Risk Factors Associated with Self-Injurious Behaviors in Children and Adolescents with Autism Spectrum Disorders.
While self-injurious behaviors (SIB) can cause significant morbidity for children with autism spectrum disorders (ASD), little is known about its associated risk factors. We assessed 7 factors that may influence self-injury in a large cohort of children with ASD: (a) atypical sensory processing; (b) impaired cognitive ability; (c) abnormal functional communication; (d) abnormal social functioning; (e) age; (f) the need for sameness; (g) rituals and compulsions. Half (52.3%, n = 126) of the children (n = 241, aged 2-19 years) demonstrated SIB. Abnormal sensory processing was the strongest single predictor of self-injury followed by sameness, impaired cognitive ability and social functioning. Since atypical sensory processing and sameness have a greater relative impact on SIB, treatment approaches that focus on these factors may be beneficial in reducing self-harm in children with ASD.
The list of possible factors is helpful but, like everything in autism, the devil is in the details. It is one thing to say that "atypical sensory processing" is a major contributor to SIBs but it is quite another to find the specific sensory problem and to find a way to mitigate it.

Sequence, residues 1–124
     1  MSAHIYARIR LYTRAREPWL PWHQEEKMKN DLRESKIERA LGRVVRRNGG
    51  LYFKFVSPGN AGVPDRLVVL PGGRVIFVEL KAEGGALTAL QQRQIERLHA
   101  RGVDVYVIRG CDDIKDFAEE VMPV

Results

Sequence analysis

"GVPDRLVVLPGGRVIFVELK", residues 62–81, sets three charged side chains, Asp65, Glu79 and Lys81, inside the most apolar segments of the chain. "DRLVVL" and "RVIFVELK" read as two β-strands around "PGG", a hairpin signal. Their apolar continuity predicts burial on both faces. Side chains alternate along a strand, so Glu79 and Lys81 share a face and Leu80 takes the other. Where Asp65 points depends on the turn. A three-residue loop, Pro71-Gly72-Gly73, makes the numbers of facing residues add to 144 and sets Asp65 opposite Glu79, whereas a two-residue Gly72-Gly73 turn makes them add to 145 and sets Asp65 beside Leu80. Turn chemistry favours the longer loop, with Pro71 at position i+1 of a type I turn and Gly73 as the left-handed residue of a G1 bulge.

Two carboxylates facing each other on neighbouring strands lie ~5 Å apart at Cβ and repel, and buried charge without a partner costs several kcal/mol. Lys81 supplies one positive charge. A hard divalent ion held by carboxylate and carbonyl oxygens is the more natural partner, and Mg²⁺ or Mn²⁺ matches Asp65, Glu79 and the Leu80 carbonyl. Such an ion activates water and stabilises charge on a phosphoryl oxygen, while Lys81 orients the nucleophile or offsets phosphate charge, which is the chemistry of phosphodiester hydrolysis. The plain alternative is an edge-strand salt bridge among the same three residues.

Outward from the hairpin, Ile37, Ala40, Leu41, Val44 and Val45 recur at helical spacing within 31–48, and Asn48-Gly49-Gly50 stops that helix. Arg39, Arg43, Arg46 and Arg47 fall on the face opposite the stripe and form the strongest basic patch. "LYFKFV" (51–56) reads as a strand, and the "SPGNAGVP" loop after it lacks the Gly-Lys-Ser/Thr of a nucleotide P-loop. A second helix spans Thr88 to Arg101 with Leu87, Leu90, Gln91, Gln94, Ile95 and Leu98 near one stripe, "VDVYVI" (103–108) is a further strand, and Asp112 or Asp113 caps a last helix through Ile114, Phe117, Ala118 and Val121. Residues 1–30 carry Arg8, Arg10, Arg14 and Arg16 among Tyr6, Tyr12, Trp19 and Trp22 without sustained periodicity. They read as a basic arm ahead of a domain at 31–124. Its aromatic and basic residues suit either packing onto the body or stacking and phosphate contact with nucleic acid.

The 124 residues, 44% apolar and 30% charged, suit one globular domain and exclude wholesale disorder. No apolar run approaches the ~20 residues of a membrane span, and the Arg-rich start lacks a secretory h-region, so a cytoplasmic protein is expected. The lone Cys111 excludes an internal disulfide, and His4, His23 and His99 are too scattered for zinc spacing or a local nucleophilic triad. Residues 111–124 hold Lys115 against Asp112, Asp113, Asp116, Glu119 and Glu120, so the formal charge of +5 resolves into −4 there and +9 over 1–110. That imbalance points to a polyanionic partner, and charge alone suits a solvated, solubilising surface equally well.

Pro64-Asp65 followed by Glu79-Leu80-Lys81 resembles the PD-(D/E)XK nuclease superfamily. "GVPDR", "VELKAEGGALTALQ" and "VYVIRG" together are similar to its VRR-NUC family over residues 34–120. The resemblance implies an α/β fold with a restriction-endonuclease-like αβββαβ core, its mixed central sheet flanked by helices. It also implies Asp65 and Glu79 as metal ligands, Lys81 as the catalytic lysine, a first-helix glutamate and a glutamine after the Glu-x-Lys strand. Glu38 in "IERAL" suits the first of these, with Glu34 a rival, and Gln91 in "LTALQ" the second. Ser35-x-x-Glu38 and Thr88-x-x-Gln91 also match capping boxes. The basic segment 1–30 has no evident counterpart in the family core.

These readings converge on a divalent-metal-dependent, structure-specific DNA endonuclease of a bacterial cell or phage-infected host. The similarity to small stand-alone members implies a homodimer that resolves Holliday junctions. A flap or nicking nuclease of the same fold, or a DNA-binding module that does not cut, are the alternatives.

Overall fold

We went through a rough couple of years where one of the twins would develop SIBs every fall that lasted until spring. There are few things more disheartening that having to physically restrain your child to prevent them from hurting themselves.
Fortunately, we managed to find a way to mitigate her SIBs after only three years of trying and she seems to be better able to regulate herself as she has gotten older. But those were very long years and my heart goes out to families that have to deal with SIBs on a daily basis.
Duerden EG, Oatley HK, Mak-Fan KM, McGrath PA, Taylor MJ, Szatmari P, Roberts SW. Risk Factors Associated with Self-Injurious Behaviors in Children and Adolescents with Autism Spectrum Disorders. J Autism Dev Disord. 2012 Mar 16. [Epub ahead of print] PubMed PMID: 22422338. DOI: 10.1007/s10803-012-1497-9